Off the Shelf: The Coffin Ship: Life and Death at Sea During the Great Irish Famine
By Cian T. McMahon New York University Press ISBN 9781479808762 2021 315 pp. Review by Terrence J. Kenneally
Between 1845 and 1855, over 2 million people fled Ireland to escape the Great Famine and begin new lives abroad. The so-called “coffin ships” that they embarked on have since become the infamous icon of nineteenth-century migration.
The standard story of the exodus during Ireland’s “an Gorta Mor” (the great hunger) is one of tired cliches, half-truths, and dry statistics. Cian McMahon’s book uses the letters and diaries of the emigrants themselves to paint a vivid, new portrait of Ireland’s Great Hunger exodus.
From John Behan’s impressive National Famine Monument at the foot of Croagh Patrick to Joseph O’Connor’s wildly successful novel, Star of the Sea, the ‘coffin ship’ has long been the emblematic of the Great Famine. It’s ubiquity as a symbol makes it difficult to develop “a true understanding of the voyage.”
The Coffin Ship not only examines regular emigrant vessels sailing for North America and Australia, but also includes convict ships. Citing the work of historians, Cormac O’Grada and Joel Mokyr, McMahon shows that more then ninety-seven per cent of passengers survived the voyage. With the tragic exception of the crossings to Quebec in 1847 that have come to define the memory of the Famine-era, migration, mortality rates rarely deviated from European averages.
The entire arc of the voyages is covered in five chapters: Preparation, Embarkation, Life, Death, and Survival. McMahon adroitly weaves together a wide range of sources, including letters, diaries, journals, shipping notices, guidebooks, tickets, and official reports and, correspondence, all primary source materials to tell her story.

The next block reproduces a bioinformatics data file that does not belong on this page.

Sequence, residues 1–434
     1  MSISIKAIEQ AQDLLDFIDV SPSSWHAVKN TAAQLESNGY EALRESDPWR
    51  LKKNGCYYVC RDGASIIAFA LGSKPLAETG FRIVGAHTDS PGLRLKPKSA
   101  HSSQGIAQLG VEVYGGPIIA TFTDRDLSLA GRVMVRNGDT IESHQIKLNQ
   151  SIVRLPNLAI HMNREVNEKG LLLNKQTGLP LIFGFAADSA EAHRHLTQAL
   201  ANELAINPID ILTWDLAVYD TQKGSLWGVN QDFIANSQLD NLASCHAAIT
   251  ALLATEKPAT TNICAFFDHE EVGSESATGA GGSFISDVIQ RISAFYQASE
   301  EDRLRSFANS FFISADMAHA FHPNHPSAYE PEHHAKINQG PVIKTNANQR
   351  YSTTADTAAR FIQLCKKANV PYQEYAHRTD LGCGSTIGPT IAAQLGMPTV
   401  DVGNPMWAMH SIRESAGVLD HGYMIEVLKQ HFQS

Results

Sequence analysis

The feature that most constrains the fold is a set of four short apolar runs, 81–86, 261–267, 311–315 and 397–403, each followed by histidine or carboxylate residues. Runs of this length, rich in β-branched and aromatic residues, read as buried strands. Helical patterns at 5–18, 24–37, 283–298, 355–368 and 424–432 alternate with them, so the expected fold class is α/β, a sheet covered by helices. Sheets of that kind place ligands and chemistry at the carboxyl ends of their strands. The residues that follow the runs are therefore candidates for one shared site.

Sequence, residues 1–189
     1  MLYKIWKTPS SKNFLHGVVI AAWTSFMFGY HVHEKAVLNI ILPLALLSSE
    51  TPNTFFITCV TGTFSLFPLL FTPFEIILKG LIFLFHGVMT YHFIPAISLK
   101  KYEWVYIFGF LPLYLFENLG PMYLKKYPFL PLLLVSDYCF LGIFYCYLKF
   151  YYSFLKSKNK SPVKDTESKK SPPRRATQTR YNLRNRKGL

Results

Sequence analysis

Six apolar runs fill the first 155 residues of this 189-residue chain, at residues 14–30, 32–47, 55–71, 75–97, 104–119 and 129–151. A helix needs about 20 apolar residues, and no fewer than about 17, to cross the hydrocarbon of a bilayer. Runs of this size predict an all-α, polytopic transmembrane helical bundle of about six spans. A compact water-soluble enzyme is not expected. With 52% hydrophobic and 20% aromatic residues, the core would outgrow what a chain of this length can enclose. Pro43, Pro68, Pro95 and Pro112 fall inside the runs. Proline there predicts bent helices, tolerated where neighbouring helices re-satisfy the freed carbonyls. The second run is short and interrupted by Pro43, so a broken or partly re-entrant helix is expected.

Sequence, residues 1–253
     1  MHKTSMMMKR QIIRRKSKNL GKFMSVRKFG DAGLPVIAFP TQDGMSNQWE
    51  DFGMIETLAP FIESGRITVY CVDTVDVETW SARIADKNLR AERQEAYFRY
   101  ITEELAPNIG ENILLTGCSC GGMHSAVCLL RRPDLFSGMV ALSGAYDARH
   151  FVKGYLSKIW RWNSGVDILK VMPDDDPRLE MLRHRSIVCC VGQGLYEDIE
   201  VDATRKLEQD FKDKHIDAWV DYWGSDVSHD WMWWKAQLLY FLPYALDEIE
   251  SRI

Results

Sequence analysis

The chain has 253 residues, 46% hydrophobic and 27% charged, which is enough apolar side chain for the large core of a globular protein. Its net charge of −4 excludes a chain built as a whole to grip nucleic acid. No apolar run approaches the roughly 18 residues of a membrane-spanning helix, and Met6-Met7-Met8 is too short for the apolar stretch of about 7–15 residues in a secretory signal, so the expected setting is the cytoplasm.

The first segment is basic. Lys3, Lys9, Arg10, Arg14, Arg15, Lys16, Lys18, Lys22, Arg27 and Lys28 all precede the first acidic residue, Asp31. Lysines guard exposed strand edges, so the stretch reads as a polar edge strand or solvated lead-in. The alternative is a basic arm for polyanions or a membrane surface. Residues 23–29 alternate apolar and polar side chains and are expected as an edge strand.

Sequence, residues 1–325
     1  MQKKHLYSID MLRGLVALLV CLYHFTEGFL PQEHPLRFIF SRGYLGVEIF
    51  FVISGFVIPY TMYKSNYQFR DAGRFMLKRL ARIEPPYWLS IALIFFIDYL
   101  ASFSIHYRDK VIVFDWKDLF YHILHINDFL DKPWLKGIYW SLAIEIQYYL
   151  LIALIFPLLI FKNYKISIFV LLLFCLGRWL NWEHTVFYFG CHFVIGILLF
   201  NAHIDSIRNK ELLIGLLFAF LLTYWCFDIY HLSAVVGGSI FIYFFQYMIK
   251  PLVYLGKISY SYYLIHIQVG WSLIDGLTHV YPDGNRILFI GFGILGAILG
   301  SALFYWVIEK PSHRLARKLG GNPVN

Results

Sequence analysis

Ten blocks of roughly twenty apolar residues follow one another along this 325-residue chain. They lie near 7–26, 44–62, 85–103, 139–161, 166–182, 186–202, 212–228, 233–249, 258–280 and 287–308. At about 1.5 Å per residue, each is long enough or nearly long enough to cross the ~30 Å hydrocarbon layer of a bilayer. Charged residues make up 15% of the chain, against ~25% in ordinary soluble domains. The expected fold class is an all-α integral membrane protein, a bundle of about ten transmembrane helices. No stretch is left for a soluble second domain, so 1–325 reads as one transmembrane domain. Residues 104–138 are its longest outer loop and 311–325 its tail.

In her chapter on Death, she demonstrates that the Famine-era emigrant voyage was a relatively dangerous and frightening experience in ways that mere statistics fail to capture. At the same time, there was more to these vessels than one-dimensional “coffin ships.”
The popularity of that phrase undoubtedly rests, to some degree, on the fact that those two simple words (“coffin” and “ship”) neatly encapsulate excess mortality and mass migration, those twin pillars of popular memory surrounding the Famine.
My great, great grandparents likely traveled from Liverpool, England to America on one such ship in 1852, which added to my enjoyment of this fascinating, original and beautifully written study of the process by which more than a million Irish famine refugees made their ‘ way to North America and Australia’ and made this book a TOP SHELF read.
*Terrence J Kenneally is an attorney and owner of Terrence J. Kenneally & Associates in Rocky River, Ohio. He received his Master’s Degree in Irish Studies from John Carroll University. He can be contacted at email@example.com.